The unfair dismissal provisions of the Fair Work Act 2009 apply to all employees covered by modern awards, enterprise agreements and other employees who are not “high income” employees. High income employees are defined as employees with a base salary of $138,900 per annum inclusive of any non-monetary fringe benefits, but exclusive of 9.25% statutory superannuation contributions.
What you need to know
- A “genuine redundancy” is exempt from unfair dismissal laws if, and only if, the following three criteria are satisfied prior to any termination of employment:
- The employer no longer requires the job to be performed by anyone because of changes in the operational requirements of its enterprise;
- The employer has complied with any obligation in a modern award or enterprise agreement that applies to the employee affected to consult about the redundancy; and
- It was not reasonable in all the circumstances for the employee whose position is being made redundant to be redeployed within the employer or its associated entities.
- Prior to implementing a redundancy, employers and HR Managers are advised to consider carefully whether they have taken sufficient steps to identify whether an employee can be reasonably redeployed within the enterprise as a group.
This is illustrated in a recent decision of the Full Bench of the Fair Work Commission in Skinner & Ors v. Asciano Services Pty Ltd t/as Pacific National Bulk  FWCFB 574,* where the role of the Applicants as train drivers was no longer required to be performed as a result of the reduction in consumer demand in exports of grain with a consequent reduction in workload and labour rationalisation.
The Full Bench noted that in determining whether it would have been reasonable in all the circumstances to redeploy a person, a number of relevant factors might need to be considered, such as:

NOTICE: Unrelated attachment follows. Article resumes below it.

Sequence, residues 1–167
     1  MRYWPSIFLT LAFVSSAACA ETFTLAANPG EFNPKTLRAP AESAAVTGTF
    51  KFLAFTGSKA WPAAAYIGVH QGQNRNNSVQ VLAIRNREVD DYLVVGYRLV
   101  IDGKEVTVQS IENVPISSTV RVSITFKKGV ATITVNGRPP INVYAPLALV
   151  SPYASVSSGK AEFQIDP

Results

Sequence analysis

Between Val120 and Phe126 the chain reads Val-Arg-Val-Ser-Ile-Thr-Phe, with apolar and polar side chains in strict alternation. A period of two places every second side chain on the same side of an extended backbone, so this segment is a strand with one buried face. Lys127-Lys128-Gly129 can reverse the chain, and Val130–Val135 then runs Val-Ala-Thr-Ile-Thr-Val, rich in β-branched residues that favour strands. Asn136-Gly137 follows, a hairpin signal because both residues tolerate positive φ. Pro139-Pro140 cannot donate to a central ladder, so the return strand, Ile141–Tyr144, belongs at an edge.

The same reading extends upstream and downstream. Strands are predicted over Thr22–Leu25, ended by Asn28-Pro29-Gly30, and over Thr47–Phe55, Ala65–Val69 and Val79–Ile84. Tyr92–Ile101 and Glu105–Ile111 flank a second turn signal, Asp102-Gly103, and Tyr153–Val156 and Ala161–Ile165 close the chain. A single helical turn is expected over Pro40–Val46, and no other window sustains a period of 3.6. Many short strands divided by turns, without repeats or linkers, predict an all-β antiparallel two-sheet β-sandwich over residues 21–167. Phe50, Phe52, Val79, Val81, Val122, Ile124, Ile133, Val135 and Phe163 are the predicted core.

- the required qualifications of the position;
- the skills, qualifications and experience of the employee;
- the location of the position; and
- the level of remuneration.
The Full Bench confirmed that it was not necessary for an employer to dismiss other employees in order to create a vacant position, to which a person whose role has been made redundant could be transferred. Furthermore, an employer is not obliged to offer voluntary redundancies to other employees to create positions for such persons.
However, it was held that the possibility of swaps for those who wish to volunteer for redundancy should have been considered, and the failure to do so meant that the terminations were not exempt from unfair dismissal laws as “genuine redundancy”.
The employer was held to have failed to do what was “reasonable in the circumstances” in this particular case because:
- the employer was a large business employing a significant number of employees who undertook the same role as those being made redundant e.g. train drivers;
- the number of employees performing the same or substantially the same role; e.g. train driving, means that allowing a swap would not place onerous training requirements on the employer;
- there were potential swaps, possibly available in depots reasonably proximate to the depots in which the redundant workers had been located, so the employer would not have been exposed to relocation costs for transferring employees;
- the employer had previously allowed swaps in similar circumstances; and
- the employer had suggested this as a possible option to mitigate the effects of the redundancy in implementing the dismissals of the employees concerned.
Prior to implementing a redundancy, employers and HR Managers are advised to consider carefully whether they have taken sufficient steps to identify whether an employee can be reasonably redeployed within the enterprise as a group. For large employers or where an employer has previously used a voluntary redundancy or swap process, this will include consideration of the possibility as to whether there are other employees who wish to volunteer for redundancy.
* FWCFB 574